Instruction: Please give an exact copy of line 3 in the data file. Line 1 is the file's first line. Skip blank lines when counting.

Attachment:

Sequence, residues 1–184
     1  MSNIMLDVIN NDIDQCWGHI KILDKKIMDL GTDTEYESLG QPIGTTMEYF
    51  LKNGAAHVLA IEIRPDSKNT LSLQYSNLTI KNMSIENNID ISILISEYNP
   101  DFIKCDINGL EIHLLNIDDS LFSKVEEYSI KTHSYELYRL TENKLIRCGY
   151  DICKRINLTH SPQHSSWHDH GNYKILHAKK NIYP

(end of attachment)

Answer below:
    51  LKNGAAHVLA IEIRPDSKNT LSLQYSNLTI KNMSIENNID ISILISEYNP